Many years ago I happened to go a play. I heard a line that was so haunting and seminal that I never could forget it. Though it hasn’t always been consciously on my mind, at pivotal strategic times it seems to surface, I’d pull out the line and reread it carefully. “In the time of your life, live- so that in that wondrous time you shall not add to misery and sorrow in the world, but shall smile to the infinite delight and mystery of it.” These are the words of playwright William Saroyan from this play, “The Time of Your Life.”
I guess one of the reasons this quote was so haunting to me was that his use of the phrase, “Time of your life” is not the usual meaning that comes to mind.
I remember the first time I comprehended his meaning I was taken aback. I recognized, though the words had a popular interpretation, his was much more profound and significant. Being young at the time, I was fortunate to be having “The time of my life,” exploring, learning, experiencing, enjoying. The play startled me to realize consciously that “The time of my life” was a finite time. I vowed, then and there, to insure the remaining times of my life would be lived appreciating while having the time of my life. I averred to have “the time of my life” during “The time of my life.” The odd thing is that in all these years since, I’ve never once heard anyone use the two phrases simultaneously like I had to myself. It seems so natural, so simple. Yet if I were forced to use my personal life experience to come up with a directive on HOW one should live one’s life, I couldn’t do much better than to advise living life so that you use “the time of your life” to have “The time of your life.”
Let me explain what I mean. It’s obvious the two identical phrases have two different meanings.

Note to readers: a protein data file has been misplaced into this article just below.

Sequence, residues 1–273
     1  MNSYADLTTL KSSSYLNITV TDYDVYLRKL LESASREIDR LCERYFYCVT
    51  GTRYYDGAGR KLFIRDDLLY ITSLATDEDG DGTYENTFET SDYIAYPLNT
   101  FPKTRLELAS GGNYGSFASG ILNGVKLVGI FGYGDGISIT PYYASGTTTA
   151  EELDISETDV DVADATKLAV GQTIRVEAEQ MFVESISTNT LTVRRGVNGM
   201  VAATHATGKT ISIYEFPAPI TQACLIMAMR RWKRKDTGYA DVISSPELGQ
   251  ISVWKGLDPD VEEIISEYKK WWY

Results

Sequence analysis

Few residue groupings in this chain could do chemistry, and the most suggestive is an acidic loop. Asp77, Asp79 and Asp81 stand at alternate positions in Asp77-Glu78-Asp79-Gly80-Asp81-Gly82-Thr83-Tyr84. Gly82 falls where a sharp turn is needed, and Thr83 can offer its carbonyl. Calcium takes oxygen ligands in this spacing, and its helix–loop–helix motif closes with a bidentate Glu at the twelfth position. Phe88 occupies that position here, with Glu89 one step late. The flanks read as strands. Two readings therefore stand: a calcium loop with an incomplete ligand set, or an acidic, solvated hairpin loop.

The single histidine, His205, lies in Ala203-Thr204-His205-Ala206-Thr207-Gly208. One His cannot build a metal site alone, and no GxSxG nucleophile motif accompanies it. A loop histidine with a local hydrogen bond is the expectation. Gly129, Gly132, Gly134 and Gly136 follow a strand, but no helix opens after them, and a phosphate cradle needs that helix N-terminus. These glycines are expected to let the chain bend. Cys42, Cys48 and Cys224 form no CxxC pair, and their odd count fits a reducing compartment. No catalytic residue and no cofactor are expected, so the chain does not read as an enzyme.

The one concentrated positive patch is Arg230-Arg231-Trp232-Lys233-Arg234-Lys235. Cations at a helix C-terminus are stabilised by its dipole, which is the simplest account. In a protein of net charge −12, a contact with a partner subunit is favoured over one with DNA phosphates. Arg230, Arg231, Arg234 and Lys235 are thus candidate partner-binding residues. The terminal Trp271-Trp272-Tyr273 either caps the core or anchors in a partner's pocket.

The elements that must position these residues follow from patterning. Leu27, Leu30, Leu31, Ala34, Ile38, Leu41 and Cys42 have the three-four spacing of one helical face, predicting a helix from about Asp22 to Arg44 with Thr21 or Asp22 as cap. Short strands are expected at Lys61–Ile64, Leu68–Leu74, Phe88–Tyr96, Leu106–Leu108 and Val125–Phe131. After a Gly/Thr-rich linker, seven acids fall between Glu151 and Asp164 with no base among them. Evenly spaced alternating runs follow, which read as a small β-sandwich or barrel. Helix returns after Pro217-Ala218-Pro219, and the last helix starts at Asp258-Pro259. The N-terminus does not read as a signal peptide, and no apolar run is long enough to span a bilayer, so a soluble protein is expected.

You go to an amusement park or rock concert to have the time of your life. That’s an experience, an invigorating, enjoyable experience. To live or exist in the time of your life, we’re talking duration, a limited span of time. When employing the first meaning the phrase anticipates a positive, exciting experience, the second usage may connote a somewhat depressing thought, reminding us that this life doesn’t last forever. I personally feel I haven’t truly learned two of Life’s important lessons if I haven’t come to comprehend the difference between having “The time of your life” (life enjoyment) and properly allocating “The time of your life” (the actual, infinite time).
Let’s explore lesson one first. What does it mean to have the time of your life?
Clearly each of us will offer a subjective opinion on what the idea commutates to him or her. As a Christian I’ve come to believe we’re each here to experience the time of our life. Optimally I should be able to look back on the time of my life with fond memories, to be able to admit, “Yes, I had my set of problems, my burdens to bear, but I also had many, many wonderful moments. I’d recommend this existence to anyone; life was worth the time I spent in it!” As to the subjective interpretation of “the time of my life,” I realize I must tread carefully. For example, my personal idea of having the time of my life is not that of living in a third world country as a missionary allaying the suffering of others. I have good friends, though, who are having their times of their lives doing just that. However, neither is traveling the world to ski the slopes on every continent my idea of having the time of my life, and it’s not just because I can’t ski. Again, I have friends for whom that would be their dreams. When I look back, I’ll freely admit that among the greatest times of my life were times spent exploring, learning, experiencing shared moments with others. I wish I could ask each of you personally what have been the greatest times of your lives.
Whatever you do, cherish them, remember them, and revel in them. And then expect there will be more to come. I’ve come to believe “You’re not really living unless you appreciate you ARE living.” Simply being awake through one exciting moment after another, without taking a moment to reflect, to truly experience and be to thankful for the opportunity, cannot possibly produce maximum enjoyment.